Moreover, the experience has clearly shown that orchards may become active a little earlier in late winter on heavier, clay type soils and/or darker coloured soils (such as reds and blacks) than on lighter coloured, sandy soils. Although the latter tends to warm up faster, but they reflect more heat during the day (trap less heat) and lose it faster during the night.
Human-induced impacts can also be significant. For example, large areas of paved roads, such as interstate highways release substantial heat on cold nights, and this combined with heat released by vehicles and air currents created by traffic, can sometimes provide a beneficial effect to several rows of trees located close to such highways.
Damage to fruit & berry yields, caused by low temperatures
Damage to floral structures may take many forms. Frost on flowers or fruit does not kill the tissue, but it can scar the skin of the fruit and possibly damage the flesh. The internal freezing of tissue of buds, flowers and fruits is what causes serious damage or death of the floral parts. When small floral structures such as flowers or fruits freeze, they may take on several forms of damage. Severe temperatures usually destroy the entire buds, flowers or ovules (immature seed) and ovaries comprising small fruits resulting in rapid abscission of the structure.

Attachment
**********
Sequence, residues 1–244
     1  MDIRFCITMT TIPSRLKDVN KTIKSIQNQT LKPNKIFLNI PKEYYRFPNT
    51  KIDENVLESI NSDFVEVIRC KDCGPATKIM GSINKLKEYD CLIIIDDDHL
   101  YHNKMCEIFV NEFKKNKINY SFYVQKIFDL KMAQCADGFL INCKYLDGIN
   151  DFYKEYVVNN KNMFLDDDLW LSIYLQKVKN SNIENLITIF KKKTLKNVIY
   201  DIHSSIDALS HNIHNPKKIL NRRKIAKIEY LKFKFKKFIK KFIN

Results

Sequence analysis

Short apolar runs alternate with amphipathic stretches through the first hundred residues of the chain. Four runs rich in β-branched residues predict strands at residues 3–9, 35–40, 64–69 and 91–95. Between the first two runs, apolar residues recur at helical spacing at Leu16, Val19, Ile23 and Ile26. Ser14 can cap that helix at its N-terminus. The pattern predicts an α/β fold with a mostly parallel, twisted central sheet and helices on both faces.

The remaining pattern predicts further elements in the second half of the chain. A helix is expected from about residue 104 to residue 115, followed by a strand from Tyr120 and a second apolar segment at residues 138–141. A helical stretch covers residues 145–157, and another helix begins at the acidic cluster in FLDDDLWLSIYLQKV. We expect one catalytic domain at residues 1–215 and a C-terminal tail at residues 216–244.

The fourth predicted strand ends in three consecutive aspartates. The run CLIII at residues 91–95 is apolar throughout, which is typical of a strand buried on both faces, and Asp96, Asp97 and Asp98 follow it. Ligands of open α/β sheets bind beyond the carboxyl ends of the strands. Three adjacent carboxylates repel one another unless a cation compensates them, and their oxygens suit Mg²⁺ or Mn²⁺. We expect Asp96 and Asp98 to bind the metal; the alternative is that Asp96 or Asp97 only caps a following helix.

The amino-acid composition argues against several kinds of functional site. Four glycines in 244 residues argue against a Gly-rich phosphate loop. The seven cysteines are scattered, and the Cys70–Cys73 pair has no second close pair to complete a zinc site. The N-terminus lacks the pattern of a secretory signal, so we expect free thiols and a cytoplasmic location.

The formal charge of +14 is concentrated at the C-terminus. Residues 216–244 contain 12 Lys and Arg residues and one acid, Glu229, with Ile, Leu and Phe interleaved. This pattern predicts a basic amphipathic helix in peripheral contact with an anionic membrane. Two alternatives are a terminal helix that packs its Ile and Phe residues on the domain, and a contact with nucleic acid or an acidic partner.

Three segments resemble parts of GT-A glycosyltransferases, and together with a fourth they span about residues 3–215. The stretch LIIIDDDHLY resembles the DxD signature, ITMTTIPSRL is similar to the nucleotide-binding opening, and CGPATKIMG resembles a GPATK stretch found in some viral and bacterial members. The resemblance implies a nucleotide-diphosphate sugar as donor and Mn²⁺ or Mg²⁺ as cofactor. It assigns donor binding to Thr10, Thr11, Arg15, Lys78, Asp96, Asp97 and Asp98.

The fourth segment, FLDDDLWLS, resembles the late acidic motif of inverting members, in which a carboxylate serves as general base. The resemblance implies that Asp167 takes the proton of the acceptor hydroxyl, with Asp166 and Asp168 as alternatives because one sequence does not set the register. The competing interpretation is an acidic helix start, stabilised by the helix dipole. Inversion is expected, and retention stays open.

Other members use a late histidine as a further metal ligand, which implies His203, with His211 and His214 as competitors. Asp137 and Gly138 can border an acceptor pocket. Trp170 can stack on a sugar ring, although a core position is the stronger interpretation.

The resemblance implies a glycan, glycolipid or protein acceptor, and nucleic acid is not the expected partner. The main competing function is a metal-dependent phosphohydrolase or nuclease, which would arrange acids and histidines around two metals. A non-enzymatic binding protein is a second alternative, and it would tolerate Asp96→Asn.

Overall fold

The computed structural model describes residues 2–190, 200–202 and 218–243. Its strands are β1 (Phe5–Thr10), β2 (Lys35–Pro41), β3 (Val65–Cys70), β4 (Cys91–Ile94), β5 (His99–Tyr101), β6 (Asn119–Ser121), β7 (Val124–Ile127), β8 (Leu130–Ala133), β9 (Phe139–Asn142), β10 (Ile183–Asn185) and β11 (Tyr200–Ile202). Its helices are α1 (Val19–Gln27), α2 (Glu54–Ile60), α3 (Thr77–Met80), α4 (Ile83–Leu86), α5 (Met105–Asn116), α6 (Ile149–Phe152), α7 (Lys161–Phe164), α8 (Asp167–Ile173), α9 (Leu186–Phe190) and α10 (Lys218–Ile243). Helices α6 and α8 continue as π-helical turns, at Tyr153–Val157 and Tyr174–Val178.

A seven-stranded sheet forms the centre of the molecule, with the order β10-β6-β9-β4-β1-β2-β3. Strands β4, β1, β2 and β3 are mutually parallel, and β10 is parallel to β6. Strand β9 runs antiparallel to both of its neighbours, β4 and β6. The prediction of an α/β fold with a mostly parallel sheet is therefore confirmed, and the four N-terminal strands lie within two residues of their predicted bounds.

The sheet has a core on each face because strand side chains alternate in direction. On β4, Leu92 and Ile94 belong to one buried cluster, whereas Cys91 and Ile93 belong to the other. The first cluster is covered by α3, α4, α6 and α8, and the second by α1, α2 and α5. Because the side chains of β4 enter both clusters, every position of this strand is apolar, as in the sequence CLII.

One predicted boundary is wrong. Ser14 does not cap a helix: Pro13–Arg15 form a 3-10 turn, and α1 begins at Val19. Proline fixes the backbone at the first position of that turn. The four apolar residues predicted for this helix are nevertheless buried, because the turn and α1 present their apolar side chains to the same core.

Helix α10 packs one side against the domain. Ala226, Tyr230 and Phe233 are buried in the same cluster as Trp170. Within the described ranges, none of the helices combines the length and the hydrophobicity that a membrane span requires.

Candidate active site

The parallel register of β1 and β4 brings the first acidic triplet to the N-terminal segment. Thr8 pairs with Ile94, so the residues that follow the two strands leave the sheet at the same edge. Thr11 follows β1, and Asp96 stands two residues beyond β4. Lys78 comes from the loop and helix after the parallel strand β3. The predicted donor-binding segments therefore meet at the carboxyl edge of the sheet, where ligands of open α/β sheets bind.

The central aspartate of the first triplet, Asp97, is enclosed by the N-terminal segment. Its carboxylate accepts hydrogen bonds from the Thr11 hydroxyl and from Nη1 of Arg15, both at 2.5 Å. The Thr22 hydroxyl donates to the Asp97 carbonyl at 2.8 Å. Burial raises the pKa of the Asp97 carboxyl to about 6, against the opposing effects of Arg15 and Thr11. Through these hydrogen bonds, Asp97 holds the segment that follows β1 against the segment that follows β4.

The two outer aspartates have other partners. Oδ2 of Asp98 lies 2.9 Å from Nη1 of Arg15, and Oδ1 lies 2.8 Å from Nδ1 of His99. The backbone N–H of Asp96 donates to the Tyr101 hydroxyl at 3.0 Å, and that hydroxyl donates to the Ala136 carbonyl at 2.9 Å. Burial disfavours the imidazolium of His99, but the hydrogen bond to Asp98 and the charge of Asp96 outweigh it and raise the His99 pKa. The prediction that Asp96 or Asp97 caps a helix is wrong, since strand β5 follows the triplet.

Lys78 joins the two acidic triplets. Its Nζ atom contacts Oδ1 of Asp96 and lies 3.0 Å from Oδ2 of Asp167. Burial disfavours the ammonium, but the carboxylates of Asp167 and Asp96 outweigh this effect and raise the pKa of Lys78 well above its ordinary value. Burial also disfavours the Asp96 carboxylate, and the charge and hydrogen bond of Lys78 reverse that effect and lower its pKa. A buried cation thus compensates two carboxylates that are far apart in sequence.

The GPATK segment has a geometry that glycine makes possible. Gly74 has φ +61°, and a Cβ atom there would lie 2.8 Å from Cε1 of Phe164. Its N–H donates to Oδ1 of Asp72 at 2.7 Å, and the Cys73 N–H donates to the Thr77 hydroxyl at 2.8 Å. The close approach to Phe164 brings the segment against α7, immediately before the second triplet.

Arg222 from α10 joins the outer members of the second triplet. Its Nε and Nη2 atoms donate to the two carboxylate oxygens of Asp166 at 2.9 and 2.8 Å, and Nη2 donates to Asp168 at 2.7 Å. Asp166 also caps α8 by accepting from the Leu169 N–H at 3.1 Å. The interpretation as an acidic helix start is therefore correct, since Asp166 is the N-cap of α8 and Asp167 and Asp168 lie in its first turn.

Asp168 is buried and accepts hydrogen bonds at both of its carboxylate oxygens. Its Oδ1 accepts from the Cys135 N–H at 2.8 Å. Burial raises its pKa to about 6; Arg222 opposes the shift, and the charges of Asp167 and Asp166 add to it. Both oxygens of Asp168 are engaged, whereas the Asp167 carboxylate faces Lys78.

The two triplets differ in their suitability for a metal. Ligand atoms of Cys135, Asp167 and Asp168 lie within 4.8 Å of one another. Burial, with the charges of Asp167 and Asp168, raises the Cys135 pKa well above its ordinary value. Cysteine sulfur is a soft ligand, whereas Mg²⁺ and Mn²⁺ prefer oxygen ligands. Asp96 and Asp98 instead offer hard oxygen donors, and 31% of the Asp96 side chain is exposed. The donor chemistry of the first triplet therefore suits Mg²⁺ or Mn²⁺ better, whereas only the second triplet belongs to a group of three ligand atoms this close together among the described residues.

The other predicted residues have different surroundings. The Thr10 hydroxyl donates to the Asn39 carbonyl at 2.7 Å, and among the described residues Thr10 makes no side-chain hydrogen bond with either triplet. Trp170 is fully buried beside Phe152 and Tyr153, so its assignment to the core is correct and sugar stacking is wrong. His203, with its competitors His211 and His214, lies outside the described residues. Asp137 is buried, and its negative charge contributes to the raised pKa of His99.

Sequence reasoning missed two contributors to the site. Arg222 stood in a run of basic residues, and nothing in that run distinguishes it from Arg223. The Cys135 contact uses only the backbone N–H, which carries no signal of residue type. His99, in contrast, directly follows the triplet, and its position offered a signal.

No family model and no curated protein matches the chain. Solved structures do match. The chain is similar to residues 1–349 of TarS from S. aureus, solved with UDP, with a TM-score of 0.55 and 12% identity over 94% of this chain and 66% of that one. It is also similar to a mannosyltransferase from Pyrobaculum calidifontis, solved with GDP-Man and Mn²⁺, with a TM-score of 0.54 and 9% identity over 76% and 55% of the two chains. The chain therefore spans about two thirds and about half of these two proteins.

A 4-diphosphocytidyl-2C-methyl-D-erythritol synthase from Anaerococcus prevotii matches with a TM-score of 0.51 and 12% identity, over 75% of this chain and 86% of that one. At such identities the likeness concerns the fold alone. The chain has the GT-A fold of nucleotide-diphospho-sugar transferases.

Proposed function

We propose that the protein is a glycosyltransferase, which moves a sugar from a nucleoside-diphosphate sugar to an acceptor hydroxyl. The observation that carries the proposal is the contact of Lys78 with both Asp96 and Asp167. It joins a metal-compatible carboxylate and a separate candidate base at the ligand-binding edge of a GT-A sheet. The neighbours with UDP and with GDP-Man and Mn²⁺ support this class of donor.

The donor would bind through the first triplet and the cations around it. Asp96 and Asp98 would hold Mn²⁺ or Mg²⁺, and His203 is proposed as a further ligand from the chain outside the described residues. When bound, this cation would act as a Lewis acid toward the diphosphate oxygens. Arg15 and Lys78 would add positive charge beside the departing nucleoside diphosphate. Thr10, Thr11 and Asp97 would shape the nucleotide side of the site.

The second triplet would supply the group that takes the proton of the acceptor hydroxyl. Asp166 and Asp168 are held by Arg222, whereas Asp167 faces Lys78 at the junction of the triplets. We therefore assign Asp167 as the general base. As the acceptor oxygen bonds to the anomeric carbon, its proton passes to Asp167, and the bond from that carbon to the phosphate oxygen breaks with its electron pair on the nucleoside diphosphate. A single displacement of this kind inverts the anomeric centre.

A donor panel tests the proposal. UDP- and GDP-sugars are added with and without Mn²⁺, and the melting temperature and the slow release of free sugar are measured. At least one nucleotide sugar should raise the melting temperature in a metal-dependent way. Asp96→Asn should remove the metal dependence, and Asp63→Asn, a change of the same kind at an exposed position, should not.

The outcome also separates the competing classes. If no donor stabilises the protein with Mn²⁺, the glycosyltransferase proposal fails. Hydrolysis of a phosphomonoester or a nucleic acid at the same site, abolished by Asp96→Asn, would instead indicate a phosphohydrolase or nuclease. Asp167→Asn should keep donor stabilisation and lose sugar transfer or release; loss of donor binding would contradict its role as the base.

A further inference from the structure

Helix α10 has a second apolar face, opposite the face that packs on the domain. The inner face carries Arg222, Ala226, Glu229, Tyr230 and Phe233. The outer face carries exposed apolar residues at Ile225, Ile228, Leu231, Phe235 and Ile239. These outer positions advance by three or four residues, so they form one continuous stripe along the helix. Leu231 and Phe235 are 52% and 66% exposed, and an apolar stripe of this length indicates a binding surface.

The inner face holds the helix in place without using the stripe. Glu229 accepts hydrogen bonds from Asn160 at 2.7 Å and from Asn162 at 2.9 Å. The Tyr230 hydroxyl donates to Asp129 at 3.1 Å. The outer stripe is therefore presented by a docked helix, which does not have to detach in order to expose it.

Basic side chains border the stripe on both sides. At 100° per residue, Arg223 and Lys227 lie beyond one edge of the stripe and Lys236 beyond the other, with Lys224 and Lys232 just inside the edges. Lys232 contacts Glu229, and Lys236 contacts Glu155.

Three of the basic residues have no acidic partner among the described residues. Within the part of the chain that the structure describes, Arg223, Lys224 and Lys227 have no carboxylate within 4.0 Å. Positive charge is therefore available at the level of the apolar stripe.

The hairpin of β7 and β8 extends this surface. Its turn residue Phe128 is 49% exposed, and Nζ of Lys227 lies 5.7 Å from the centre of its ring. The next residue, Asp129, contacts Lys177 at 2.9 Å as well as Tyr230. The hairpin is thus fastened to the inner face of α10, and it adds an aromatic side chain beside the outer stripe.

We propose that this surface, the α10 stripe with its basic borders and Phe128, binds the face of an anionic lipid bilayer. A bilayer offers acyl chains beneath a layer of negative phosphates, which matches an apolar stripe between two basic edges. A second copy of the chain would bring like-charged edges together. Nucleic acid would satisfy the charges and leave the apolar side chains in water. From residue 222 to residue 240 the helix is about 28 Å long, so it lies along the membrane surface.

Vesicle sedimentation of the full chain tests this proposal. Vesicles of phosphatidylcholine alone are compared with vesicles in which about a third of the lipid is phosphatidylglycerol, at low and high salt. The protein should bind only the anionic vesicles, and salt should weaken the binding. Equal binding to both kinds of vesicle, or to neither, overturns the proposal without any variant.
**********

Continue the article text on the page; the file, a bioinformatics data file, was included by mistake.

Damages from freezes depend on the development stage of the fruit crop. For example, apple trees, during the dormancy period, partial damage of flower buds may be possible, if the air temperature drops to -25 ⁰C, complete damage, if the air temperature drops to -35 ⁰C. The warm December phenomena keeping trees still vegetating creates big trouble for further winter frost tolerance for some types of berries and fruit trees.
Chart. Trend, that witnesses the second half of December is getting warmer and warmer in the South-Eastern part of Poland. Data source: GrECo Group analysis
After resumption of the vegetation temperature at which ground frosts lead to partial damage to apple trees is much higher, e.g. at full blossom stage is -2.9 ⁰C leading to partial loss and -4.7 leading to full loss.
Generally, the crop sensitivity to freezing temperature increases from first bloom to small-fruit stages, and this is when a crop is most likely to be damaged. Sensitivity is also higher when warm weather has preceded a freeze night than if the cold temperatures preceded the freeze.
Insurance against spring frost
Risk prevention measures that lead to the heating of the orchard or vineyard environment (propane heaters, wind machines, irrigation above and below trees, smoke, helicopters, etc.) are sometimes not accessible to farmers in time or do not function properly or fully under certain weather conditions. Therefore, the insurance policy still remains the final frontier to compensate financial outcomes, when frost impact mitigation measures do not work in full.